What is mild cognitive impairment (MCI)?
Symptoms and treatment of MCI
Mild cognitive impairment is a general term applied to people who have some loss of memory but do not have dementia. The memory loss is observable to the person with mild cognitive impairment and to those around them, and may be diagnosed through testing, but there are no other symptoms of dementia present.
What causes mild cognitive impairment?
It is important to stress that, while everyone has problems remembering things from time to time, particularly as they get older, they normally score adequately on memory tests so cannot be regarded as suffering from MCI.
There are many reasons why someone would experience a memory loss strong enough to be diagnosed with MCI, including stress, depression or a physical condition (examples include high blood pressure and sleep apnoea).
Some people with MCI may, however, be in the very early stages of Alzheimer’s disease or another form of dementia, and this is why correct and early diagnosis is important.
Symptoms of mild cognitive impairment
Cognitive function includes faculties such as the ability to learn, read, speak and write. People with MCI do not lose these abilities but they have problems with their short-term memory. They may forget the names of people they have just met or conversations they had a short time ago, while remembering distant events very clearly. They often forget appointments and may find it difficult to follow the thread of a book or film. They may become more irritable than usual, and lose their way even in a familiar environment.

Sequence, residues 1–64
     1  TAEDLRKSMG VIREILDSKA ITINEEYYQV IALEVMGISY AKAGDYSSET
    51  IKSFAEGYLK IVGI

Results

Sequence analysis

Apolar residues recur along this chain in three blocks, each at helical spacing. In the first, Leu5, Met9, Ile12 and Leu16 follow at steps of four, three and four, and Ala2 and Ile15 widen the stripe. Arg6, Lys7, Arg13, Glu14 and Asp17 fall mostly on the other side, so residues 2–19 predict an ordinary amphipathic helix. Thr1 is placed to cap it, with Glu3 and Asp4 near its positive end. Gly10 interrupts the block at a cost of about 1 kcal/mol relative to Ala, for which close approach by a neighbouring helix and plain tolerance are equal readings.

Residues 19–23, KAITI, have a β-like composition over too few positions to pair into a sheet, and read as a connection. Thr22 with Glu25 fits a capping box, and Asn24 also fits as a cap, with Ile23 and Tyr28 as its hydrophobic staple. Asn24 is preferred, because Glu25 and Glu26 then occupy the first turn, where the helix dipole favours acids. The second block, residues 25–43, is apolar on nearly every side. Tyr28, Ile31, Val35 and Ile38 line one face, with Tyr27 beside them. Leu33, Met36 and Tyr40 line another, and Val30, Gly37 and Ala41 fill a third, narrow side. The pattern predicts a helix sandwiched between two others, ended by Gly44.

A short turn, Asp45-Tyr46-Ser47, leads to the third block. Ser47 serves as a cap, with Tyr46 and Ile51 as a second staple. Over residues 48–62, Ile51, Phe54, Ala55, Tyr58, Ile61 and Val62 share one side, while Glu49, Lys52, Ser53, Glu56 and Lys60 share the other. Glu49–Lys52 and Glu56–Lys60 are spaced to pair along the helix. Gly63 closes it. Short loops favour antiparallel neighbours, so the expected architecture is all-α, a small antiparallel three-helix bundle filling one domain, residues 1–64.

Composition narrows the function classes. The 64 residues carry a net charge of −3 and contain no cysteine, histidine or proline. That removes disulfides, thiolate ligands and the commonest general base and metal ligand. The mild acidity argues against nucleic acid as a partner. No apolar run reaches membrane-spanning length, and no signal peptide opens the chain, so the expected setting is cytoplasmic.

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The importance of specialist diagnosis
According to the Alzheimer’s Society studies carried out in memory clinics showed that 10-15% of people with mild cognitive impairment went on to develop dementia in each year that the research results were followed up.
For this reason, it is very important to diagnose people with MCI. The earlier they are diagnosed the easier it is for doctors to keep an eye on them so that if they develop dementia symptoms they can be treated early.
On the other hand, many people with MCI regain their memory or remain stable with no progression of the symptoms.
Treatment of MCI
There is no specific treatment for MCI, but in cases where the impairment is a precursor of Alzheimer’s disease, medications intended for Alzheimer’s disease may be effective.
For underlying conditions that may give rise to MCI, such as depression, sleep apnoea and high blood pressure, treating the main condition usually improves the MCI symptoms.
How Clinical Partners can help
Simply call our clinical team in confidence on 0203 326 9160 and we will recommend the most suitable therapist or support group for your individual situation.